We speak to the singer of the cult Californian band about her new collection for Urban Outfitters and new follow-up album
Best Coast aka Bethany Cosentino has been touring nearly non-stop for the past two years, following the wild success of her debut album 'Crazy For You'. With a new album titled The Only Place and a fashion line with Urban Outfitters coming in May, there's no doubt that California's surf pop sweetheart will continue to charm, humour, and inspire fans, whose respect she's unquestionably earned. The new record exhibits progression, being noticeably less lo-fi and lyrically coming-of-age. It instead contains a lot of mature reflection about the ups and downs of her life and career, with the openness that Best Coast listeners have been drawn to from the start. As she says, "There is no filter."
My life has changed. I'm not that awkward 22-year-old searching for love anymore. I'm 25; I've grown up physically and mentally
We talk to Cosentino about everything from Dolly Parton and Otis Redding to her eponymous clothing line. Despite the struggles she articulates on The Only Place, one thing is certain -- the girl is not letting up anytime soon.
Dazed Digital: It's been almost two years since Crazy for You was released, and to wide acclaim at that. What have you been doing besides constant touring?
Best Coast: I spent the last six months recording 'The Only Place', our second record, in L.A. When I wasn't working on that, I was working on my clothing line for Urban Outfitters. And when I wasn't working on that, I was either watching Food Network, writing, or working out.
DD: How did you get the opportunity to design for Urban Outfitters, and what were your goals for the collection?
Best Coast: I've always loved fashion, so the idea of having my own clothing line, especially with a company as big as Urban, was a huge, exciting opportunity for me. I just wanted to make a bunch of clothes that were fun and simple but represented me as a woman and as an artist. I think everything in the collection looks like something I'd wear, and I can't wait to see other girls wearing the designs.
DD: Are you constantly writing and recording? Since the new album was written after Crazy for You, does that mean it was difficult to actually sit down and make it?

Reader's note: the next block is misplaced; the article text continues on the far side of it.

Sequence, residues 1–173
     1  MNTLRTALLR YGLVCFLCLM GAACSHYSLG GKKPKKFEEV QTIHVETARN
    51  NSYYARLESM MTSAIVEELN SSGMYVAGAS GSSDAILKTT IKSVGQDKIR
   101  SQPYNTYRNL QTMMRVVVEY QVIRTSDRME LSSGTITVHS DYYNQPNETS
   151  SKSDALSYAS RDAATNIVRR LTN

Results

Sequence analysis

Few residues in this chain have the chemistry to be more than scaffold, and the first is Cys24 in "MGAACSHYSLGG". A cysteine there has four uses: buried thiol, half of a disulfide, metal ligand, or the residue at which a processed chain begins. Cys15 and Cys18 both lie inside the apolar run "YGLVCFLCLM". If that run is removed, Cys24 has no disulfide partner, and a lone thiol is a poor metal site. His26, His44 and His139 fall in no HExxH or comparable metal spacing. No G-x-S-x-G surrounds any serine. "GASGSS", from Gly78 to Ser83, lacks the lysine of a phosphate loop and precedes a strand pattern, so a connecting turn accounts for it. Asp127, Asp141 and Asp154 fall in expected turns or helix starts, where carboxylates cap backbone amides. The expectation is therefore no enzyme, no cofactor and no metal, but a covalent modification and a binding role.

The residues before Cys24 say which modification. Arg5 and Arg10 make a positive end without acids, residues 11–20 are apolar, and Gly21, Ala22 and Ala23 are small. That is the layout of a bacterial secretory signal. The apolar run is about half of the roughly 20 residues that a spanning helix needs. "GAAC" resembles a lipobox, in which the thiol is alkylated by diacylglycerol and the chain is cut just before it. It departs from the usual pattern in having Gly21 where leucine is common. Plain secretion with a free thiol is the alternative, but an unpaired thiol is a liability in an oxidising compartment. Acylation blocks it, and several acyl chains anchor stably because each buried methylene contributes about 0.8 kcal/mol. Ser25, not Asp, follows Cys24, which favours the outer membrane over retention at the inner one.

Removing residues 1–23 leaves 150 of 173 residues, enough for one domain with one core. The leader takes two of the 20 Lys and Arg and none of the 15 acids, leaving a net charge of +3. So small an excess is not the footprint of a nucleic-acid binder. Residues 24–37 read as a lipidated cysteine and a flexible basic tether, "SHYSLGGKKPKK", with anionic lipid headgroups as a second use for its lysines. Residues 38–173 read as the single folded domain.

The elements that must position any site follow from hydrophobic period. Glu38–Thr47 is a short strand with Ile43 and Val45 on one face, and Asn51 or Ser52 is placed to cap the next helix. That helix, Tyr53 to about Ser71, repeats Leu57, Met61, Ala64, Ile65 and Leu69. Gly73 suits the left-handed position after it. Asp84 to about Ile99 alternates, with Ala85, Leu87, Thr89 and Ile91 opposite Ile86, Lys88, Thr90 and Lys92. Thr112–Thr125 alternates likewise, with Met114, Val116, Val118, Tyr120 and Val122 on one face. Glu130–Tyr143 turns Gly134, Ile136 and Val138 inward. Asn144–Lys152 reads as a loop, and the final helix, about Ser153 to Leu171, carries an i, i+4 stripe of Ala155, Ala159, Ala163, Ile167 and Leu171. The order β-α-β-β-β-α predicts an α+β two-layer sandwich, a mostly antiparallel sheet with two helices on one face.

Best Coast: I really only write when I'm home. My bedroom is my safe place, and I feel the most comfortable writing there. I don't really do any writing on the road. Since I've been home for a while, I've had a lot of time to sit and write. The last few months were the longest amount of time I'd spent at home in almost two years; it's crazy. The songs for the record were all written on my downtime during the crazy, extensive touring to support Crazy for You, which is why the record is written from a really frantic, homesick, and confused point of view.
I'd spend four days at home in between flying from Australia to L.A., and then I'd be on a plane to Japan with less than five hours sleep. I was exhausted and not really sure of what was going on. I had a lot of self-doubt, and I just didn't know if this job was something I could continue doing with the amount of stress I was going through. Now that the songs are written, and the album is done, it's a huge weight off my shoulders. I feel a lot more prepared and relaxed about touring, seeing as how I am now a road dog!
DD: Your creative partnership with Bobb Bruno continues onto The Only Place. How has the relationship grown, and what was it like to work with Jon Brion?
Best Coast: Bobb is a major part of Best Coast; I couldn't do this without him. I think he played a much larger role in the process of recording this record than he did the last. Jon and Bobb have known each other for years. Sometimes, Bobb and Jon worked together on this record when I was at home resting. I fully trusted them to take my songs and work on them while I was away.
I don't trust many people, especially with my art, but it's a huge blessing when you can leave something special and personal in a room with other people, and trust that they are going to turn it into what you imagined. Creatively, Bobb and I share a brain -- everything he plays on every Best Coast song is what I would envision him to play. I don't even have to explain things to him at this point; it's like he just knows.
DD: The new album sounds deeply reflective, but in a different, seemingly more mature way than Crazy for You, especially with songs like "Last Year," "My Life," and "How They Want Me To Be." What influenced this lyrical shift?
Best Coast: Just growing up. My life changed. I'm not that awkward 22-year-old searching for love anymore. I'm 25; I've grown up physically and mentally. Spending so much time on the road gave me time to think about myself and my life. I got to figure out the things about myself that I wasn't happy with and wanted to change. I'm being very honest and personal on this record, but I'm ok with that. I think that's why people connect to BC so much, because there is no filter. I'm just straight up with what I'm talking about.
DD: Sonically, the album is a bit more polished and less lo-fi, too...
Best Coast: That was the number one thing I aimed for. I didn't want to spend months making a record that sounded like it was recorded in a garage with a 4-track. I wanted to make something big and booming and sparkly. Jon made that happen. It was inspired by listening to a lot of female vocalists, like Dolly Parton, Connie Francis, and Patsy Cline. Those records sound so bright and loud. It's like they're being performed for you right in front of your face. I wanted this record to have that same appeal. I want people to hear my voice, hear what I'm saying, hear the melodies, and hear the guitar parts, not just a bunch of noise washing over everything. Not to mention I just got sick of hearing the word "lo-fi" every 10 seconds.
'The Only Place' is out May 14, 2012